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    (Original post by ukebert)
    :hmm: It was for spamming, not for being "rude and uncouth" :p:
    My clogged up email inbox would contend that they aren't mutually exclusive. Or I would, on its behalf.
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    (Original post by The Humble Mosquito)
    I don't see any warning points next to MY name.
    Yo yo yo. I got warned for the same thing as him. ukebert and I may have been spamming together. Fraternising with the enemy.

    Anyways, just wondering when we're going to see a rewrite of this bill. I've been checking my moral compass for SUV related feelings and I'm not getting much, except for the general feeling that they're far too bad for the environment. I guess that means I support this bill then? I'll have to stop my brain from getting in the way.
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    (Original post by The Humble Mosquito)
    I think I accepted incorporated the idea of those words being relative into my response, but whatever.

    <snip>
    Good post - quite a few good points in there. My biggest issue was that you seemed to be alluding that I was suggesting banning fuel altogether... I'm just asking that it be taxed more. People who need to drive would still be perfectly able to; people who have a choice would be pushed elsewhere. It's like smoking (every argument seems to be able to use smoking as an analogy! ) - we have punitive duties on tobacco, and a lot of people don't smoke as a direct result of the cost, while plenty of people who really want to still can. There's reasonably good economic theory behind this - changing the marginal cost, through taxation, targets people in order of who needs fuel least.

    On the "we have to do something" point, I'm proposing going further than you - I might just vote in favour of this bill if it was simply "big extra road tax on the top two categories", dropping any exclusions. I'd still prefer a "more fuel tax" option, though, as I think it would (a) do more and (b) render this bill redundant.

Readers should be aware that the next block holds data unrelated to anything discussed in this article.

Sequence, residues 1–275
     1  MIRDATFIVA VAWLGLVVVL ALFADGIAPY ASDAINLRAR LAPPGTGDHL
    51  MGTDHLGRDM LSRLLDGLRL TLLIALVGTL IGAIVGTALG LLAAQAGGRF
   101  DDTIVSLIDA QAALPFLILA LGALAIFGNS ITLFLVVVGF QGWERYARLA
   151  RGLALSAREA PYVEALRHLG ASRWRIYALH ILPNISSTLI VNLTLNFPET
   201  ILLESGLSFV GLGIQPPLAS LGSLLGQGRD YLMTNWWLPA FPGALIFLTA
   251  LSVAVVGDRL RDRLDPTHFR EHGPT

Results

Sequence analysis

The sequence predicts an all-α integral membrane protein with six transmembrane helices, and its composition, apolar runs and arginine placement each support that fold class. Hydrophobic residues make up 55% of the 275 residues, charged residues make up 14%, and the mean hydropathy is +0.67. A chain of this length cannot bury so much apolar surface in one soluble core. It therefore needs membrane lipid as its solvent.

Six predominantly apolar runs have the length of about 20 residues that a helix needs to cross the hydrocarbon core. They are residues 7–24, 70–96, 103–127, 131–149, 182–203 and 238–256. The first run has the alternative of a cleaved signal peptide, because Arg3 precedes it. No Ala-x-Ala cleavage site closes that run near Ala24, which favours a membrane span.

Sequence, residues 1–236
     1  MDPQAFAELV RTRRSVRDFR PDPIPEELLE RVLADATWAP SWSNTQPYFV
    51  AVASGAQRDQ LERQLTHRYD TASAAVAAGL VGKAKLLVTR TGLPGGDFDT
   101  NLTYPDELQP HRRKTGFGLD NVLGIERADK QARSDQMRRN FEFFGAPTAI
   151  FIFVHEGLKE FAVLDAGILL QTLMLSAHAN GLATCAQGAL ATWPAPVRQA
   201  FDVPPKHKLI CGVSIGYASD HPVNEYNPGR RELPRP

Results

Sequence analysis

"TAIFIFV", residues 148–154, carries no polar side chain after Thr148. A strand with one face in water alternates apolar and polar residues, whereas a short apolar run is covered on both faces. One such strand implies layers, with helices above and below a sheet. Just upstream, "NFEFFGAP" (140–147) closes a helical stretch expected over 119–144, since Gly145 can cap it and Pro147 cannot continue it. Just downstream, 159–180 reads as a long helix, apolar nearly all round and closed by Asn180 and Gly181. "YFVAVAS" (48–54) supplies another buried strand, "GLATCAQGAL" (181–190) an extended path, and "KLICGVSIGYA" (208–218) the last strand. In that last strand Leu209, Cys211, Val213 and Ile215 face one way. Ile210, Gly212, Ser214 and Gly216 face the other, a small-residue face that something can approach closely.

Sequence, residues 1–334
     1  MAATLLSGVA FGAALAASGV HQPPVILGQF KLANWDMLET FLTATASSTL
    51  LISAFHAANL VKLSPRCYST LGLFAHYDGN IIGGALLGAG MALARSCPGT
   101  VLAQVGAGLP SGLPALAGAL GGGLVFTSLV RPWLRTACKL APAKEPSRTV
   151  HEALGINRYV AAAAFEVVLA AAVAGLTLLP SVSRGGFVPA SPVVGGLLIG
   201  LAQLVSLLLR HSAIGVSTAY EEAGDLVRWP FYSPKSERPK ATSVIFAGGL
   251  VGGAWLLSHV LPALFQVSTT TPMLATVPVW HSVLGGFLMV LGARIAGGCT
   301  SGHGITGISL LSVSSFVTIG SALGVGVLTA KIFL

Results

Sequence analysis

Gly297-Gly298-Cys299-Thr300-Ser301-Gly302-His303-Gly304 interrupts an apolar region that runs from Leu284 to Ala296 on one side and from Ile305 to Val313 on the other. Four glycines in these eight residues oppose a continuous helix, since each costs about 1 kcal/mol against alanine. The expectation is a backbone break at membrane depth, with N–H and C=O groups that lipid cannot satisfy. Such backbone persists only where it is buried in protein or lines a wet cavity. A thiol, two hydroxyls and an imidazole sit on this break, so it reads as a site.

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    This is rediculous! Firstly, how can you possibly decide about taxation on an individual basis, not only is it an administrative nightmare, which would most likely use up more than the revenue increase, it is a bizarre way of controlling externalities. I live in the wilds of shropshire, so can I go out and buy a big SUV, and get money back from the government, even though I manage fine with my little FWD car now???? Also subsidising cars that do damage to the environment to make 'people with a genuine need' able to have them?? I can't see the point in this as those who do have a need will most likely chalk them down for business use and gain tax breaks etc anyway! (still, I see this has been scrapped thankfully).

    Also, why only bother those driving SUV's? why not tax sports cars with high emissions as well? Oh wait, thats what the current system does without singling out specific individuals for increased taxation. this is just a superficial witch hunt designed to look like environmental action is being taken. (besides, 1: who are the govenment to decide what car I want to drive, and 2: manufacturers willl reclassify vehicles to get round it)

    No offence socialists, but its a stupid bill IMO
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    (Original post by lodzinski)
    This is rediculous! Firstly, how can you possibly decide about taxation on an individual basis, not only is it an administrative nightmare, which would most likely use up more than the revenue increase, it is a bizarre way of controlling externalities.
    You think putting a tax on a specific item is bizarre? I think you need to go back and retake some basic economics.


    I live in the wilds of shropshire, so can I go out and buy a big SUV, and get money back from the government, even though I manage fine with my little FWD car now????
    LOL. Try reading the bill before you comment. The proposed rebates will be given to people who CAN'T manage fine with a little car.

    Also, why only bother those driving SUV's? why not tax sports cars with high emissions as well? Oh wait, thats what the current system does without singling out specific individuals for increased taxation.
    Fair point. I believe there was some discussion about this on the sub-forum -- I may have dreamt it, though. I think someone thought that the "s" in suv implied sports cars as well. I dunno.

    this is just a superficial witch hunt designed to look like environmental action is being taken. (besides, 1: who are the govenment to decide what car I want to drive, and 2: manufacturers willl reclassify vehicles to get round it)
    Um.
    1. Who are the government to decide what you earn at all? So maybe we should allow you to own plutonium and explode it at the local shopping mall?
    2. I think we'll probably have a technical definition of SUV drawn up by civil servants.